Question.  Do you run your life in such a way?  I’m now asking myself that question every day.

The weather did not improve for the rest of the races.  Many of my Sr. High friends ran their races next.  More than a few were covered with mud showing where they fell or were bumped around.  These were the district races, so all were fighting for a chance at being mentioned All District or to have their team place well.   The Jr. Highers, who I had run with on and off the last couple months, ran their faces off, as coach Amy Eibel often encouraged them to do.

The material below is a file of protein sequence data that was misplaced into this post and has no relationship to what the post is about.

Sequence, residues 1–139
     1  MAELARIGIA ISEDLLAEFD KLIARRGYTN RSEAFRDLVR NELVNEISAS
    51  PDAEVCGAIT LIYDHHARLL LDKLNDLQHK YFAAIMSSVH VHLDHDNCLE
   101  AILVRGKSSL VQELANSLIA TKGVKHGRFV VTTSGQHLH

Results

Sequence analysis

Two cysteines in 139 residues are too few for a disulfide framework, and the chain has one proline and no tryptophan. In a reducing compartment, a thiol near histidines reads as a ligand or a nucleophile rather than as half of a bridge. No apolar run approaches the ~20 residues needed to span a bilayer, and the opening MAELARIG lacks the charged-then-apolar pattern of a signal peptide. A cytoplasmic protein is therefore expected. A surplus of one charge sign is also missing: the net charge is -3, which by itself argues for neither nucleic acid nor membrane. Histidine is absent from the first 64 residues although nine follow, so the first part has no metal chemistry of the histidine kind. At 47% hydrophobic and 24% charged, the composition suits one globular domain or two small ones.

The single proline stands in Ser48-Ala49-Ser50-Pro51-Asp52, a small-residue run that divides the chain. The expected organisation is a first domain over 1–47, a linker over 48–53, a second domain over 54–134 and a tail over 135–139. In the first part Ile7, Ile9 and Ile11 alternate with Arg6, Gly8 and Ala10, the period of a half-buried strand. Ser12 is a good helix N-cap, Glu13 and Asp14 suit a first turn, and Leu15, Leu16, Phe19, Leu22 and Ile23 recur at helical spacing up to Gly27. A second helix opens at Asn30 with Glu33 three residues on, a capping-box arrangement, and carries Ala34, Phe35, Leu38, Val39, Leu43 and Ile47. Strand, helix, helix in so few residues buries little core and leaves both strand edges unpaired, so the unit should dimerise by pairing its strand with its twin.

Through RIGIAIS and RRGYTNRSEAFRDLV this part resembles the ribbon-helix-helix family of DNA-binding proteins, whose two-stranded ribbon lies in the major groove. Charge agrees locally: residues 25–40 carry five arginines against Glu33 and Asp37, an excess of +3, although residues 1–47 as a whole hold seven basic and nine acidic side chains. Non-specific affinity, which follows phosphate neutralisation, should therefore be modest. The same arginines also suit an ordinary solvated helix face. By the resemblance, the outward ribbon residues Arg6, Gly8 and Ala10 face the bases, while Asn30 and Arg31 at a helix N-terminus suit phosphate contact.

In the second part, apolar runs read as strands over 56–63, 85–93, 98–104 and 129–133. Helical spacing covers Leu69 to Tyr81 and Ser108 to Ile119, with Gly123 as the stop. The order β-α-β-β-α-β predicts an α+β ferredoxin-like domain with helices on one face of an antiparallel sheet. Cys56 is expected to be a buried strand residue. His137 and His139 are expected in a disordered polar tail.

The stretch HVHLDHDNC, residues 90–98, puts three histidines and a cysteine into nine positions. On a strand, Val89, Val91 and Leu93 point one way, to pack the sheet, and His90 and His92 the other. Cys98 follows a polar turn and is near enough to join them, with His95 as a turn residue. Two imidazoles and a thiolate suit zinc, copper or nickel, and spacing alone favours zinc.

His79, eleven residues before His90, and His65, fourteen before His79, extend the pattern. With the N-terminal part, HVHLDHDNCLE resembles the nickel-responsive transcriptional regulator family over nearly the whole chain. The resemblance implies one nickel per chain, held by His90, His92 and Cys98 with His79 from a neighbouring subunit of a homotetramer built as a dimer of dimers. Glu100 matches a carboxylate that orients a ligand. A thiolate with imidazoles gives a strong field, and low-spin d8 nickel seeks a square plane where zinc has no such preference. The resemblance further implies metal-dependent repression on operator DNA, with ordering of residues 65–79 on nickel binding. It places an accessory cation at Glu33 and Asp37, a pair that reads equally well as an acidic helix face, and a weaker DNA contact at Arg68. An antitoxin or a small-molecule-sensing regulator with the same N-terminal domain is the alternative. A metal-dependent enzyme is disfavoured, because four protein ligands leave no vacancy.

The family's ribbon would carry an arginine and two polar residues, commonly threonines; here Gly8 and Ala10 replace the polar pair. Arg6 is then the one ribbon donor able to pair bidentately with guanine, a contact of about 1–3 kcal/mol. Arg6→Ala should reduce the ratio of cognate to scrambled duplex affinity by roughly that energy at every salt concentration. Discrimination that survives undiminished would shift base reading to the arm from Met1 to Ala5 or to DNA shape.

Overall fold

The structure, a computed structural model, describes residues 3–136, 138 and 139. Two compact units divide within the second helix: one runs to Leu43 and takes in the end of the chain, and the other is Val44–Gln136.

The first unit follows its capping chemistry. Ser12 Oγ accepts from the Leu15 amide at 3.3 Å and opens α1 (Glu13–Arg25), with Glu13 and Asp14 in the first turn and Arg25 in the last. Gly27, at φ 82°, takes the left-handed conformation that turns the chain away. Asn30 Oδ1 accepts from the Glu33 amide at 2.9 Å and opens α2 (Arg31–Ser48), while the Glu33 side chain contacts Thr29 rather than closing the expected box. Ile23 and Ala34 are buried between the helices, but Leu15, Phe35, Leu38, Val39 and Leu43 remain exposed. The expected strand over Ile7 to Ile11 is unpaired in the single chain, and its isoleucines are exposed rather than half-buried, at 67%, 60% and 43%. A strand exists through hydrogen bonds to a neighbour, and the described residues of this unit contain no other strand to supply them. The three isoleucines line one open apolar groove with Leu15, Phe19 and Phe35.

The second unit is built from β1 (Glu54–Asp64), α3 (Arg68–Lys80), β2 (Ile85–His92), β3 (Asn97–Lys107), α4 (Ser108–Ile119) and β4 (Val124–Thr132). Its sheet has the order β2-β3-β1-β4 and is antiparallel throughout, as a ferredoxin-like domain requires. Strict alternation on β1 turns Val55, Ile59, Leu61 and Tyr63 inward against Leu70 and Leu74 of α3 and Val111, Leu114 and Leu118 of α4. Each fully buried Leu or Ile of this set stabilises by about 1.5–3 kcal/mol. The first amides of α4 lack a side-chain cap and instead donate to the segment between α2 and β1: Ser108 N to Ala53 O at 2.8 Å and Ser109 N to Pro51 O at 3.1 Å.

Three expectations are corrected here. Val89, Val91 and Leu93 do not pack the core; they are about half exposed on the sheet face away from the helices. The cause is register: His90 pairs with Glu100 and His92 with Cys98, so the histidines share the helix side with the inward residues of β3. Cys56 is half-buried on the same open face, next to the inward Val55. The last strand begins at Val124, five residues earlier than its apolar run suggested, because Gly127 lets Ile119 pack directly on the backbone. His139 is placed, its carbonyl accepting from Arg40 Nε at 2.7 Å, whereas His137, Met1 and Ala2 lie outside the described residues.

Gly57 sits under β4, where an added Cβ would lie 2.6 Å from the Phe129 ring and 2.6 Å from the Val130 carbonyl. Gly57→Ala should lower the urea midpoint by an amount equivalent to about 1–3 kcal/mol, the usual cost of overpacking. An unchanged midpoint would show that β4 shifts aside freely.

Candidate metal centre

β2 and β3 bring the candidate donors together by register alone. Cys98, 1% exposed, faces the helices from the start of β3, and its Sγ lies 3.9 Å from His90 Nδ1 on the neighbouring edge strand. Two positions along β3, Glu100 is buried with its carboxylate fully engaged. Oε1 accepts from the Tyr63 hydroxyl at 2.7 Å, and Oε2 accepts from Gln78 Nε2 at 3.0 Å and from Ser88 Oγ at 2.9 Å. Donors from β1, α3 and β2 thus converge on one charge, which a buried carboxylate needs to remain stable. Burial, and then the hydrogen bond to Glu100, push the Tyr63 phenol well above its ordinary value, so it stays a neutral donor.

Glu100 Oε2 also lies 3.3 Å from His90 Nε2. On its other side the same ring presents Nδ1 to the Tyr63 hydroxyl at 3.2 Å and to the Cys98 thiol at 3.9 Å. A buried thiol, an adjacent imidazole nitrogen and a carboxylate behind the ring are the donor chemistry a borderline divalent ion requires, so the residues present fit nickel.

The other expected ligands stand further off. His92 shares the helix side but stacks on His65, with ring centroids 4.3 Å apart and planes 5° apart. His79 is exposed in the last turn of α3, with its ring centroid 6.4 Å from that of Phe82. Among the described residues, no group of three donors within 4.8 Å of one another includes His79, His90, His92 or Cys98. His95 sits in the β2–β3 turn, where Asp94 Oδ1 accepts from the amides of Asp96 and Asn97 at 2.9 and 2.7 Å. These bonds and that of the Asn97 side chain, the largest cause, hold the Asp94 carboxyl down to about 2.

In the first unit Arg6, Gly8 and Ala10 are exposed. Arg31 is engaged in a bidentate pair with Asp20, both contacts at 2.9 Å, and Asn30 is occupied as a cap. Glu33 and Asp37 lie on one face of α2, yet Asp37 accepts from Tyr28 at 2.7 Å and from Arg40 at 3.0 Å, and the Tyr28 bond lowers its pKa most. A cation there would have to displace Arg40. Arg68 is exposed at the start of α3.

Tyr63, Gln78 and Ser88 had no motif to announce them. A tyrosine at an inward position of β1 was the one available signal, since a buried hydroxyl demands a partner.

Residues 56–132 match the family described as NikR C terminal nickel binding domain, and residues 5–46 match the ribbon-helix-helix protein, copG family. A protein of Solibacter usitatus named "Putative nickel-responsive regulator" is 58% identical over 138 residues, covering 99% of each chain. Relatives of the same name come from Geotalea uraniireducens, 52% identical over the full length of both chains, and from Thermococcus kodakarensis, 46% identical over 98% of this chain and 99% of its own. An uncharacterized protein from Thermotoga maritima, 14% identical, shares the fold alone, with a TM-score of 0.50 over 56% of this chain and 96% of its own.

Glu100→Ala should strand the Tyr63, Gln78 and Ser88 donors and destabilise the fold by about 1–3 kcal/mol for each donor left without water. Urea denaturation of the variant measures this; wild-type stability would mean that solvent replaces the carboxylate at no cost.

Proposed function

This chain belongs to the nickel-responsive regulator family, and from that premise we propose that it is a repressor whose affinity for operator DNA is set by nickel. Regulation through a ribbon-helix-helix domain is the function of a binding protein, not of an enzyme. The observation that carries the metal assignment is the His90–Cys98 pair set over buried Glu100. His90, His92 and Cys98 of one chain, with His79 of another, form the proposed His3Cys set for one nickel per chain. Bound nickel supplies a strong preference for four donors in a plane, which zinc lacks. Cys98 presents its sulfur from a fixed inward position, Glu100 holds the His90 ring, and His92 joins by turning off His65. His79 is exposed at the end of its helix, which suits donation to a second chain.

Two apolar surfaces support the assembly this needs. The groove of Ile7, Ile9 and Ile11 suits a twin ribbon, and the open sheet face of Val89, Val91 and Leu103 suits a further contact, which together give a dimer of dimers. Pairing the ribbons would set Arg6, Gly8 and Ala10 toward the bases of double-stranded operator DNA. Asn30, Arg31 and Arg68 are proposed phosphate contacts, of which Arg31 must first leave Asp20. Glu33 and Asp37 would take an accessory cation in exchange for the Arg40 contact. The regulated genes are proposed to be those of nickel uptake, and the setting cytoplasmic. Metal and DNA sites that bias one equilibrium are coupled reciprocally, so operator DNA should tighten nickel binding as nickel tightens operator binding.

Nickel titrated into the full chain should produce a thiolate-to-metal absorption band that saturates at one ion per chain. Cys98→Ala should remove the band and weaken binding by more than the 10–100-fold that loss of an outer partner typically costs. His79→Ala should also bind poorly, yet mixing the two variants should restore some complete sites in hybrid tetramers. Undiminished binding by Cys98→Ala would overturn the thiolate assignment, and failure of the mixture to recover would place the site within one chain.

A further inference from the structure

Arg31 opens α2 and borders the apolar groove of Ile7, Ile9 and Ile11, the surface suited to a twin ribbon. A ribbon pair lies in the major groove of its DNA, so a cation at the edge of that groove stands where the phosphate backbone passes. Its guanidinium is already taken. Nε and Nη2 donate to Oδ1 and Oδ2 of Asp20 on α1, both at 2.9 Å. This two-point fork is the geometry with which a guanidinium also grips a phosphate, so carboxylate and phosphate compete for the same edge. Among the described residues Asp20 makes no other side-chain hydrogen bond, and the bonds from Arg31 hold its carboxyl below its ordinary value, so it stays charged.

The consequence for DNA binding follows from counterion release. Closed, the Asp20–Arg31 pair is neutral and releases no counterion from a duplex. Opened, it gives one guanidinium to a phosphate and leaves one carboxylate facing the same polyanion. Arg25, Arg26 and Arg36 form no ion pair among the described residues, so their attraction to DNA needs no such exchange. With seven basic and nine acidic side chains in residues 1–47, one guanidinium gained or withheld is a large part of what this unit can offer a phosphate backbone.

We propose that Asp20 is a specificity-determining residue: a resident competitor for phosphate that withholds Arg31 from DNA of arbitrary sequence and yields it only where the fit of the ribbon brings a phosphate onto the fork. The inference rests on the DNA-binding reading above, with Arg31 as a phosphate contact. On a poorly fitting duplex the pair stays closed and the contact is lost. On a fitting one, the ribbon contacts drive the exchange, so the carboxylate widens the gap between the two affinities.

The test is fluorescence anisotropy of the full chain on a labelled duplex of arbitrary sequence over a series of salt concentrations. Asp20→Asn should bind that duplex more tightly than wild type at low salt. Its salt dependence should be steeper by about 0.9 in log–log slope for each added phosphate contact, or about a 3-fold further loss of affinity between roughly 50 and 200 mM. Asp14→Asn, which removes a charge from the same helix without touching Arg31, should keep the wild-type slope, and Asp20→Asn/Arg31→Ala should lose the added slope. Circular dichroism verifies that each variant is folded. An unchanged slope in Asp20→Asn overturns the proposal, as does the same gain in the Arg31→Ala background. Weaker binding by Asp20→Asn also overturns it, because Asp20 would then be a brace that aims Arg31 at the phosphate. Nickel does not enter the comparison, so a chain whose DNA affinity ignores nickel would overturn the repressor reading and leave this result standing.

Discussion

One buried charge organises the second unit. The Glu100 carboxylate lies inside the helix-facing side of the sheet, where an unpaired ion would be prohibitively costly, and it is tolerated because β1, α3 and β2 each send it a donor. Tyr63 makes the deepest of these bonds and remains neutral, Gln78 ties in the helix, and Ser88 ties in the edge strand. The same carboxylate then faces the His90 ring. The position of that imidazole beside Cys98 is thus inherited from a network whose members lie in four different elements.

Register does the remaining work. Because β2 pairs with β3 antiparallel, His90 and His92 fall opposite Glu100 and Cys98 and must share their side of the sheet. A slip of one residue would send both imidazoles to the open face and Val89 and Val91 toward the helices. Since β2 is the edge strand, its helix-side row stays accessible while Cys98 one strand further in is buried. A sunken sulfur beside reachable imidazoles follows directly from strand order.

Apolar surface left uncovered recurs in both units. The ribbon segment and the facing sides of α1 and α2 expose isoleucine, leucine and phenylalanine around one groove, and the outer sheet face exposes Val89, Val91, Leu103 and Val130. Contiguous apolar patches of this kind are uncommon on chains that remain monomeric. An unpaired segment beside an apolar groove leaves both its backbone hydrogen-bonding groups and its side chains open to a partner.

Roger Tubbs took this group, like the first, out to stretch and warm up.  I met the group at the starting line.  I had just run from the finish of the girls High School race.  I was sitting with another friend of mine, Kayla Bloodworth, who not only ran her face off but almost her foot.  She kicked the last 200 yards faster than she probably ever had…and on a foot that was not 100%.  But she finished as one going for the prize.  She dropped underneath the flag-rope forming the chute and went down crying.   She was in pain, but in a few minutes I and a few other runners were around her helping her move telling her how great she just finished.  This took me back to one of my final races in High School Cross Country at South.  We ran at Malone College and my coach pushed me like never before.  I ran one of my best races and I collapsed in the chute after crossing the line.  The runner who came in front of me and the runner who finished behind me carried me through the chute to an open spot on grass where my coach met me.  There’s something all runners know.  Runners are inherently family.  Some runners are so competitive they run by themselves…but for the most part kindness and compassion run heavy in this global group.